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New Diabetes Drug Seems Safe for Heart: Study

Onglyza study reflects new cautious approach to oversight of diabetes medicines, experts say


Over the course of more than two years, the researchers found the patients who took the diabetes drug were at no greater risk for a heart attack than those who took the dummy pill.

The study showed that cardiovascular death, heart attack, stroke, or hospitalization for unstable angina, coronary revascularization (angioplasty), or heart failure occurred in about 12.8 percent of patients who took the drug, compared to 12.4 percent of those in the placebo group -- not a significant difference.

However, "our data also show an increase in hospitalization for heart failure in patients who received saxagliptin, which was not expected and deserves further study," the study chairman, Dr. Eugene Braunwald of the TIMI Study Group, cardiovascular division at Brigham and Women's and Harvard Medical School, said in the hospital news release.

But the drug had real benefits, as well. "Patients who received saxagliptin also had better control of blood sugar levels and a reduced need for insulin therapy," noted the study's co-principal investigator, Dr. Itamar Raz, of Hadassah Medical Center, Israel.

Raz added that the diabetes drug also prevented the progression of microalbuminuria, a condition that occurs when a type of protein called albumin is spilling into the urine due to kidney damage.

Two diabetes experts unconnected to the study said the findings should help ease the minds of patients and physicians.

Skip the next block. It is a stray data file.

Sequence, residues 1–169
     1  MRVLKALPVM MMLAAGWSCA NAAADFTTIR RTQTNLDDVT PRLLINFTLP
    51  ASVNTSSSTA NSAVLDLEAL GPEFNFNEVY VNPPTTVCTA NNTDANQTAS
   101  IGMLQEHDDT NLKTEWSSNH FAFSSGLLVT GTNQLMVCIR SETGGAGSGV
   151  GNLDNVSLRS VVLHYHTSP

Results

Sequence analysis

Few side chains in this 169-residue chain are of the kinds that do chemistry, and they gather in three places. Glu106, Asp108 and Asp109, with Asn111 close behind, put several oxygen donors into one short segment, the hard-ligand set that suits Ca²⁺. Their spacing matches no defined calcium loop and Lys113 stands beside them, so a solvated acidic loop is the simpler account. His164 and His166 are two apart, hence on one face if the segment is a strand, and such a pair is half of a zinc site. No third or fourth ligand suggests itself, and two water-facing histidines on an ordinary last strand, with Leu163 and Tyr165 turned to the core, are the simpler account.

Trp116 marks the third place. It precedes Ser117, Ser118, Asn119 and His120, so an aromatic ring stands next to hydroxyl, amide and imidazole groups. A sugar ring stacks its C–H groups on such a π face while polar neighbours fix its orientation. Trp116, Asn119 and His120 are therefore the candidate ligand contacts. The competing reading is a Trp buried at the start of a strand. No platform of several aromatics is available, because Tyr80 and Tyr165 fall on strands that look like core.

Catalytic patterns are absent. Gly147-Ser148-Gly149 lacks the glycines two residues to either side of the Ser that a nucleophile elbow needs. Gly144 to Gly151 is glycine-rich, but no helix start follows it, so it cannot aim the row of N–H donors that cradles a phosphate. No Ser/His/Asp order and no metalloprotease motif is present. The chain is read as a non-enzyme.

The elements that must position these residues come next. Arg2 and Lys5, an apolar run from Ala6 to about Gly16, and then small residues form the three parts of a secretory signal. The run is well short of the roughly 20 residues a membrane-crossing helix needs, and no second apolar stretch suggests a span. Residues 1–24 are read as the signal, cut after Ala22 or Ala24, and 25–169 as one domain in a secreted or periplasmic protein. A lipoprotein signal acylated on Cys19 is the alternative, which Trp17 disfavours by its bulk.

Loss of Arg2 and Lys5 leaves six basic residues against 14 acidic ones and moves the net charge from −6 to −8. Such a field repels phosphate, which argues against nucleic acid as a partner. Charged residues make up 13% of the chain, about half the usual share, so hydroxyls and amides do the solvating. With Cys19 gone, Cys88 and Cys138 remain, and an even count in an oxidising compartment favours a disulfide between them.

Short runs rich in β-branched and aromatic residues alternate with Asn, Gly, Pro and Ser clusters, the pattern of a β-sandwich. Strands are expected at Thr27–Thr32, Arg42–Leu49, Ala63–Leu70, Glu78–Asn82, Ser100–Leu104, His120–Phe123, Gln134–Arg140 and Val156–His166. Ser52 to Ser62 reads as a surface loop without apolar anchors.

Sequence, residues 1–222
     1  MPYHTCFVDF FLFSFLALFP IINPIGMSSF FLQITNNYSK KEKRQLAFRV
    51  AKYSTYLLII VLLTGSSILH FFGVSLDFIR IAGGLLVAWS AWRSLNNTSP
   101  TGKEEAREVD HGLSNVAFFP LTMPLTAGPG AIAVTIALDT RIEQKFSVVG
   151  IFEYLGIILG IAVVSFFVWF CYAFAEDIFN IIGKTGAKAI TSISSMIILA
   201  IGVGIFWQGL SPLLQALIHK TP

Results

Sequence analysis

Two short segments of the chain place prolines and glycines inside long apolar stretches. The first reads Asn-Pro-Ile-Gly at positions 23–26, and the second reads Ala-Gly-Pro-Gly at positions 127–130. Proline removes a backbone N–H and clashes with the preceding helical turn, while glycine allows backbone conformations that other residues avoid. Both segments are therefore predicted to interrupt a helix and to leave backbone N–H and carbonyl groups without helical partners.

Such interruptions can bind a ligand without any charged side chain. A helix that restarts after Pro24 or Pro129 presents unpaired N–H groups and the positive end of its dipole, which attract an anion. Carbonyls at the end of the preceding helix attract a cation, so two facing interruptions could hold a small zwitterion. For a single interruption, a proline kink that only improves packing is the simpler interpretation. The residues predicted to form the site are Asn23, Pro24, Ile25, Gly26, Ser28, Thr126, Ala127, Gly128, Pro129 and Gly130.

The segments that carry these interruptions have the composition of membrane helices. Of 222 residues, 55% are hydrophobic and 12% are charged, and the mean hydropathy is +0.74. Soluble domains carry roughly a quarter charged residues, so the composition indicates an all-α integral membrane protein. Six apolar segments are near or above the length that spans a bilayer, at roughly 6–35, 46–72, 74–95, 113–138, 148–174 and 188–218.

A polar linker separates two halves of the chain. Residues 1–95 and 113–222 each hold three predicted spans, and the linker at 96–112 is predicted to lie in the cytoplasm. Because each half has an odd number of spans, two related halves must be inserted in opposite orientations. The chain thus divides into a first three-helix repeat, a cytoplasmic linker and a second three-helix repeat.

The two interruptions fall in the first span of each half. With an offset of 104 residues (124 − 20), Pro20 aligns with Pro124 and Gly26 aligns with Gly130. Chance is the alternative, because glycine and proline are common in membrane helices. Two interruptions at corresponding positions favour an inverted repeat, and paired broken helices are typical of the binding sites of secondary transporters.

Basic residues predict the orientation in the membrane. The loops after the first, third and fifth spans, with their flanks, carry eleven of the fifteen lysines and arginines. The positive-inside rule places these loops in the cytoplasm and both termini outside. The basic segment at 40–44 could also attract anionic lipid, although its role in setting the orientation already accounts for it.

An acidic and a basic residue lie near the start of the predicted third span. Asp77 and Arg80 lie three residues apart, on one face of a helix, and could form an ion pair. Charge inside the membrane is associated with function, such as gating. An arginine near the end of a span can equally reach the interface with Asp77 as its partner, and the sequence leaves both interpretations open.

"The treatment of patients with diabetes has been challenging in recent years," said Dr. Sripal Bangalore, director of research in the cardiac catheterization laboratory at NYU Langone Medical Center, New York City. "It is reassuring to see a mega trial . . . re-assuring the cardiovascular safety of saxagliptin given for a median of two years," he added.

"The pessimistic way of looking at this is that the drug was no better than placebo [in reducing heart risks] and had higher risk of heart failure and hypoglycemic events," Bangalore said. "Hopefully, the investigators will publish more data from the trial showing improvement in microvascular events."

Dr. Tara Narula is associate director of the cardiac care unit at Lenox Hill Hospital in New York City. She agreed that "there currently exists a tremendous amount of confusion regarding which diabetes drugs are safe to use in patients at risk for or with established cardiovascular disease."

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